Henry is a licensed realtor in Southwest Florida, the founder of iGrowClub, a digital marketing agency focused on helping clients grow organically on social media to reach their target audience and scale, and is the founder of the Health & Wealth Show, a podcast that focuses on health, wealth, love, and happiness. He has even found success in e-commerce business models, and has affiliates earning between 6-8 figures using the model. His intangible skills include door to door sales, where he has generated millions as a solar energy consultant, high ticket selling, and turning people into repeat customers through building value and pitching products. Henry is without a doubt a well rounded, dedicated entrepreneur who is making waves in the industry. But, Henry’s passion and dedication to making his own way in the business world is nothing new.
As a child, Henry was already dedicated to selling and working for himself. During his school years, he would sell lemonade and Pokemon cards at a roadside table, host garage sales, and sell food or magazines whenever he could to make money. He was fascinated by seeing money stack up, and has always aspired to becoming wealthy and successful.
His actions speak louder than his words when it comes to Henry’s dedication. After graduating from the University of Buffalo with a BA in Communication and working for corporate radio, Henry was all in on following his passions and becoming successful. He drove from New York to Florida to start his real estate venture right after obtaining his real estate license. After getting involved in the real estate game, he was presented with an opportunity to sell solar across the country in California. Without hesitation, he accepted the offer, packed his things, and drove cross country to take advantage of the opportunity.
On top of dominating the solar industry, Henry has grown a stellar personal brand and helps brands and companies grow their brands by helping them to identify their mission statements, handle the marketing, and helping with brand development. But, like all successful endeavors, Henry is cognizant of the slow process necessary to gain traction and momentum. He’s very open to detailing the processes he’s gone through to reach his level of success.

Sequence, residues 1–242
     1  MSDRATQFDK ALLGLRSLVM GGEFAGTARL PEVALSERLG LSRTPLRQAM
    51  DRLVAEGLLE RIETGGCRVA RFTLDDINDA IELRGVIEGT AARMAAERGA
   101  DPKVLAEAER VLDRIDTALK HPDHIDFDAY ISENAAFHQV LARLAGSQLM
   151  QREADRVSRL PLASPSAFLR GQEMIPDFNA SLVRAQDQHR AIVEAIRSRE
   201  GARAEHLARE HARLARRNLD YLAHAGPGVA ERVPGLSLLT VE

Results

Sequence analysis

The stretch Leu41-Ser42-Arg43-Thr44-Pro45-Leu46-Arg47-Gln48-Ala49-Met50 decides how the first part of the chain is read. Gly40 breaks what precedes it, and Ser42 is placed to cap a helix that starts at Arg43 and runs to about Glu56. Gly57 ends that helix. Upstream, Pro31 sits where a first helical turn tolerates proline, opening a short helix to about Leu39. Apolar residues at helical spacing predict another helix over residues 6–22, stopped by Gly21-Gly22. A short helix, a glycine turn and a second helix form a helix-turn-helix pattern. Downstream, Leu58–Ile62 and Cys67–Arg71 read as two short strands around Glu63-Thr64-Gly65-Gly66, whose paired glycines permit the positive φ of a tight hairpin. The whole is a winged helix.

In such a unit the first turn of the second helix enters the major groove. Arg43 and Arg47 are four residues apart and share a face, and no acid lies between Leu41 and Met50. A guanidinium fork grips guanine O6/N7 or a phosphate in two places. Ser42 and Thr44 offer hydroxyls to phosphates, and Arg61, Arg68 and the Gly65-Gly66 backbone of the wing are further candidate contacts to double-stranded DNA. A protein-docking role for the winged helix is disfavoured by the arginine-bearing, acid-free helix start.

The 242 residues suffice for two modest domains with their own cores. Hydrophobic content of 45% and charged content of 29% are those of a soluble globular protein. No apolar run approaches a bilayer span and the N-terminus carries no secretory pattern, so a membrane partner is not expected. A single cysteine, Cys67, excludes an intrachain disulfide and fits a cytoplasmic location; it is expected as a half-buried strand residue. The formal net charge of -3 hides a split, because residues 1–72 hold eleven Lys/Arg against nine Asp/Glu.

Henry knows that the path to success happens one day at a time. There have been many early mornings and late nights, sacrifice, failures, and changes in his mindset. Finding success as an entrepreneur requires a ton of effort, patience, and grit, and Henry possesses all of those attributes, and his work ethic and drive has allowed him to work at his goals day in and day out to find success in his businesses. The reward of building something that not only generates revenue but helps people is well worth the early days of uncertainty, Henry says. A massive key is maintaining faith in the baby stages of a company, as your big break could come just a few days after you feel like quitting but decide to keep pushing forward.
Today, Henry has a massive amount of knowledge and the skills necessary to be successful. But, starting out, he wished he knew two key pieces of advice: Invest in yourself, and be aware that it all starts with you. You need to take on good debt that results in cash flow, believe in yourself, make daily progress, and trust the long term process. Anyone can become successful once they acquire the right mindset and work ethic, and no one believes in that idea more than Henry.
Henry can be reached on Instagram @henryaaronwestbrooks, or via email, [email protected]
Kathy Chou Founder and CEO of Selfkaire is Making Waves in The Beauty Industry
Kathy Chou is the founder and CEO of Selfkaire, a beauty company that’s focused on modernizing the most effective Eastern medicine concepts in order to replace outdated tools and methods. The idea for Selfkaire came after Kathy began to experience health problems from working 80-100+ hours a week as an investment banker at Citigroup. She had developed severe lymphedema in her legs, constant lung infections, and sickness from eating everything outside of a piece of lettuce.